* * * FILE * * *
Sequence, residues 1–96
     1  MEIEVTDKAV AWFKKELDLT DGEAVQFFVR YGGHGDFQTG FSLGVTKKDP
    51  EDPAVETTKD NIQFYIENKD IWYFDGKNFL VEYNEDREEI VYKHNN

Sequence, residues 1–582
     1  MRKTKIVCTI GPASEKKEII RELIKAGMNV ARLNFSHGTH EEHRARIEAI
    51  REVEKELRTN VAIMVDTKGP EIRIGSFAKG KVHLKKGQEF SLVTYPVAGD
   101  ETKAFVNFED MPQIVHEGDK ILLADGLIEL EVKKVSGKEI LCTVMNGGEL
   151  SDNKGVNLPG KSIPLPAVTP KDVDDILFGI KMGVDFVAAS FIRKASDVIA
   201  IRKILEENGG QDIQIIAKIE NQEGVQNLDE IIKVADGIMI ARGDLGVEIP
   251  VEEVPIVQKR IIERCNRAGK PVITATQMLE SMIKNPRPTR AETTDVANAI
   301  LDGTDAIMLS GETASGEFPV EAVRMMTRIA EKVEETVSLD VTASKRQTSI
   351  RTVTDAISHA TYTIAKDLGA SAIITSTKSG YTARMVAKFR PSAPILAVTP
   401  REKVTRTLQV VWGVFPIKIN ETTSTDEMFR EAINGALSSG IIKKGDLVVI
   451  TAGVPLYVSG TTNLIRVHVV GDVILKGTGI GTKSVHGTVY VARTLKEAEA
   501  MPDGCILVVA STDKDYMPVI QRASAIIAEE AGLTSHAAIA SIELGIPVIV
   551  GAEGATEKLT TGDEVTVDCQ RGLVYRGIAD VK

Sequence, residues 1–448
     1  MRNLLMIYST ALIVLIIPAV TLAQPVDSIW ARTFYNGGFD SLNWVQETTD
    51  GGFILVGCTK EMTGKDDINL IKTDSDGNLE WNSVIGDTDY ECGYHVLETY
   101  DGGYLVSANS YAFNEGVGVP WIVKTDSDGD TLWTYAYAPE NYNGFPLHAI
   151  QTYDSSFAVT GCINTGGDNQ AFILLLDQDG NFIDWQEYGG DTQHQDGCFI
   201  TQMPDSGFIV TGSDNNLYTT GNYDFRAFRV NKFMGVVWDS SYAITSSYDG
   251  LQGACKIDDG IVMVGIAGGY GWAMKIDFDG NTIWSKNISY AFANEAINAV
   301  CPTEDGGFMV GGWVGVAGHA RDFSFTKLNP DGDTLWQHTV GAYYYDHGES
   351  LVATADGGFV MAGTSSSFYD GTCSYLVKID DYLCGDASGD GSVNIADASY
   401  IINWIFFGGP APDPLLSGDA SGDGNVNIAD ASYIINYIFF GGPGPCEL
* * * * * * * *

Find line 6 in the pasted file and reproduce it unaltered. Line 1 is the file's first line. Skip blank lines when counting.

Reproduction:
    51  REVEKELRTN VAIMVDTKGP EIRIGSFAKG KVHLKKGQEF SLVTYPVAGD